6 Tips For Doing Your Own Home Improvements

A woman is doing home improvements on a wall in her home.

You’ve likely spent a good deal of time inside over the past year. We all have. As a result, you’re probably more aware now than ever before of all the things big and small that you’d like to change about your home.

Given that you might not want workers roaming around your house, or perhaps out of a desire to learn a new set of skills, you may want to give these projects a shot yourself; however, if it’s your first time taking on a home improvement project, the prospect can be daunting. Are you up for it? Are you worried that you might miss something important along the way?

The following six tips will help you to make sure that you’ll be able to see the project through from start to finish—and that you haven’t bitten off more than you can chew.

Figure out what you can do

Do you already have the skills that you need to take this task on? If not, are you really interested in learning? Make sure that you’ve set realistic expectations for your abilities as well, because plenty of home renovation shows use editing tricks—like skipping over any problem areas—to get that perfect result in 30 minutes or less. (1)

If you want to learn how to do something new, but want to make sure that you do it right, you might consider hiring a contractor to consult. Not all will be willing to do it, as the practice can be controversial, but some contractors are happy to spend a few hours (and charge accordingly) to coach you through some basic work. (2)

Speaking with This Old House, Ted Welch, a Chicago-based builder, says that the clients best-suited for this approach are those, “who have good manual dexterity, who realize that skills need to be practiced in order to be perfected, and who are willing to risk making a few mistakes and then learn from them.” (2)

If you want to learn a new skill, and you’ve already got some DIY know-how, you might consider picking up something a bit more advanced, such as carpentry or welding. These will take time and training to master, but could become new hobbies in their own right. Plus, you can get a feel for whether they’re right for you or not by checking out the available resources. If you’re interested in welding, for example, there are resources online that can help (such as this one: https://weldingheadquarters.com/what-can-i-weld-with-a-70-amp-arc-welder/)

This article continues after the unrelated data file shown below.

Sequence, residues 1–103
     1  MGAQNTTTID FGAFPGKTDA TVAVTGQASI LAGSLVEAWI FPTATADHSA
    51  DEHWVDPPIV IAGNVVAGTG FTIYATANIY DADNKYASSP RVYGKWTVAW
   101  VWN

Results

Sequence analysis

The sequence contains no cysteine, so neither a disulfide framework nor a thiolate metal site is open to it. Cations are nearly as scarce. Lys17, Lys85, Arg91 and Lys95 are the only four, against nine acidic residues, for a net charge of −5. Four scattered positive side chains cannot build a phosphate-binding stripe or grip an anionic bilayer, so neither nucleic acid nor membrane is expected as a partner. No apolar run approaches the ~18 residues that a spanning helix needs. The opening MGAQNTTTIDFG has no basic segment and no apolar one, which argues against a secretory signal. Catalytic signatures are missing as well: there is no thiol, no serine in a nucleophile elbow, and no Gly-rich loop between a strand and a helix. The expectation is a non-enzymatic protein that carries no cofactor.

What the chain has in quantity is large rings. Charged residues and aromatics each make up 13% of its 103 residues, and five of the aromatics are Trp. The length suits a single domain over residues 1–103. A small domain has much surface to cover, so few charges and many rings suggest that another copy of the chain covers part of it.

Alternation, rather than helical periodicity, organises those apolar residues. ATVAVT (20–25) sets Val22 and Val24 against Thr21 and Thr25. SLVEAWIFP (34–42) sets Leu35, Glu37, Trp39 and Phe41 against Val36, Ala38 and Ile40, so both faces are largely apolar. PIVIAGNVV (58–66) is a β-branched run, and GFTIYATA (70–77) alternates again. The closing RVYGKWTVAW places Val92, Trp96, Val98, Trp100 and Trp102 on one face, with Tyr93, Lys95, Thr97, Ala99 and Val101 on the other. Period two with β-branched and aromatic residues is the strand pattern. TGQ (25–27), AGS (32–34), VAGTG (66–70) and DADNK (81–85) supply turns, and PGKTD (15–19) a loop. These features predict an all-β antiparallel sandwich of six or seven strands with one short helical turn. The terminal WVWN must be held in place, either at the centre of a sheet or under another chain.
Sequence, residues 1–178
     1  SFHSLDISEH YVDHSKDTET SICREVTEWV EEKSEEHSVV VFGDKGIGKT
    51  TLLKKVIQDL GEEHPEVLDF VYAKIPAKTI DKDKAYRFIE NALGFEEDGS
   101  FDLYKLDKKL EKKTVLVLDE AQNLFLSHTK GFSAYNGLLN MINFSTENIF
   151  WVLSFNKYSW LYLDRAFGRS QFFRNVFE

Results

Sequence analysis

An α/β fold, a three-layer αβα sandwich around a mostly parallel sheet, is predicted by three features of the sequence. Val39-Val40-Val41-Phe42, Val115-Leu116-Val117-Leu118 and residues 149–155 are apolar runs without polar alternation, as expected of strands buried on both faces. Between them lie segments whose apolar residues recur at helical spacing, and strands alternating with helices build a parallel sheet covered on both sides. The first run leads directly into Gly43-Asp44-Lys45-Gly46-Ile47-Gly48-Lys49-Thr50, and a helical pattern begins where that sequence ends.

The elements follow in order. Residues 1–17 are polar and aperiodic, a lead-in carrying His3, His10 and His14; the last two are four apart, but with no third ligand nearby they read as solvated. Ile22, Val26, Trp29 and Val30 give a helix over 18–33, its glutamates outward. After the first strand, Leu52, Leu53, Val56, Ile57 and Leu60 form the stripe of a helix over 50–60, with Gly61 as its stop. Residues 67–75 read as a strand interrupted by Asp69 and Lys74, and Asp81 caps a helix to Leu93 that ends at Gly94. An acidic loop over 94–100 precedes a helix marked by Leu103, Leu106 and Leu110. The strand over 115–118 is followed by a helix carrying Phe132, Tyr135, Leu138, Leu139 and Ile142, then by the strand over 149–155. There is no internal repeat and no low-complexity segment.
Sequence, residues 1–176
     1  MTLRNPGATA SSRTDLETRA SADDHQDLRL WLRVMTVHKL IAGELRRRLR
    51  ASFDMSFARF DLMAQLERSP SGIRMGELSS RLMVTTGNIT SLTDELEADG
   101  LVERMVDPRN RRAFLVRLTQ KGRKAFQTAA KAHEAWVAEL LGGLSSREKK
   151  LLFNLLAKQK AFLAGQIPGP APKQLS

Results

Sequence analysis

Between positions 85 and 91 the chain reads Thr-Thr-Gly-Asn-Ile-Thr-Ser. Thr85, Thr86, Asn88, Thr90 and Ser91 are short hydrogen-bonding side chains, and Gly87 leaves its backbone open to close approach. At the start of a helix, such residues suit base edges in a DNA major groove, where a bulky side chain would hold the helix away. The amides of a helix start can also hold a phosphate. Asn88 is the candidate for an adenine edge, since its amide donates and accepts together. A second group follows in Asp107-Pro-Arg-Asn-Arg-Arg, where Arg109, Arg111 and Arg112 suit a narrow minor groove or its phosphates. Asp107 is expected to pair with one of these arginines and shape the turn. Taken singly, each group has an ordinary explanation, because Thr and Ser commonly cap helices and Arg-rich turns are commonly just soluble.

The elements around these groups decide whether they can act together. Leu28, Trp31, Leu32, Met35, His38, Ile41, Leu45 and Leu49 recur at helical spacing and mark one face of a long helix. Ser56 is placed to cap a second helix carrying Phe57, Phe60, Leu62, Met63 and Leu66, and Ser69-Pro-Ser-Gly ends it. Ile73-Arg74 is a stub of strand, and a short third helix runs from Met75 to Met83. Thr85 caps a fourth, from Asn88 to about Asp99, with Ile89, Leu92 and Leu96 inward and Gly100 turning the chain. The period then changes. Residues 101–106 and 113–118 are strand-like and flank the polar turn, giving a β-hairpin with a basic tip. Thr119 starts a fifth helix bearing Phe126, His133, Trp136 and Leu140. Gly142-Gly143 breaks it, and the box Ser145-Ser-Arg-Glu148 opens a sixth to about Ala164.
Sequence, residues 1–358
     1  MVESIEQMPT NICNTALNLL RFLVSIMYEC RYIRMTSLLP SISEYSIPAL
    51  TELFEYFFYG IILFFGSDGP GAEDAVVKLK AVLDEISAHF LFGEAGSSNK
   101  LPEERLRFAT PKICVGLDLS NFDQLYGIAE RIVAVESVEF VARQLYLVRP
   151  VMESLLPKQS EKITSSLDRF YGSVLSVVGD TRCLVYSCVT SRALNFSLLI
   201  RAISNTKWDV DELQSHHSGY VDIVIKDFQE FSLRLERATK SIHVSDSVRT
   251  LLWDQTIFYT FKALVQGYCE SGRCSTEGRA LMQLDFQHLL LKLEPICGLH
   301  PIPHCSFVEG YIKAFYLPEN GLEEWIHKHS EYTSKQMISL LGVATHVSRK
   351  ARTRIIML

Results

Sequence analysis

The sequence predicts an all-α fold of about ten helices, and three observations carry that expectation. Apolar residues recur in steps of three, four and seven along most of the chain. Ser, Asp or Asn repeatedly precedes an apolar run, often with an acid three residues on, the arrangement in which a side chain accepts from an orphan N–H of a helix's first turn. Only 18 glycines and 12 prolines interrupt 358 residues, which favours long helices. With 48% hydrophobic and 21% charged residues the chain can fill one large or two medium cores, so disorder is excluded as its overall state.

Make sure it’s worth the time and effort

Once you have an idea of what you’re able to do, or what you’re willing to learn how to do, you still need to answer a critical question: is this particular project something that you can and should take on yourself?

The first thing to consider on that front is how much time and effort it will take. You can use a tool like this one to determine how much an hour of your time is “worth,” and then you can figure out whether or not it’s more cost-effective to hire a professional. (3)

Realistic expectations are also a must: if you’ve only got one weekend, you don’t have time to refinish your floors, but you might have time to paint a room or to spruce up your basement. Plus, if it’s something that you could do, but it would take you four days (and a professional four hours), consider the convenience of having your shower back versus insisting on retiling it yourself (that’s probably a job best left to a professional anyway). (3)

Make sure it’s not dangerous to you

Here’s an obvious tip that’s worth repeating: don’t take on something that will endanger you, or risk making your home unsafe. (3)

Here are some jobs best left to a professional:

Fixing a gas appliance

Everything is turned off, and you’ve installed your new stove. But did you do as good a job on the install as you did on the removal? If not, then you could be facing a real risk of carbon monoxide poisoning—not worth it.

Repairing the roof

If you don’t have appropriate training, then don’t fix your roof. It’s easy to fall off, and safe to say that nobody wants that. If you do a poor job, you could also end up with a leaky roof and more expensive problems to clean up after.

Removing asbestos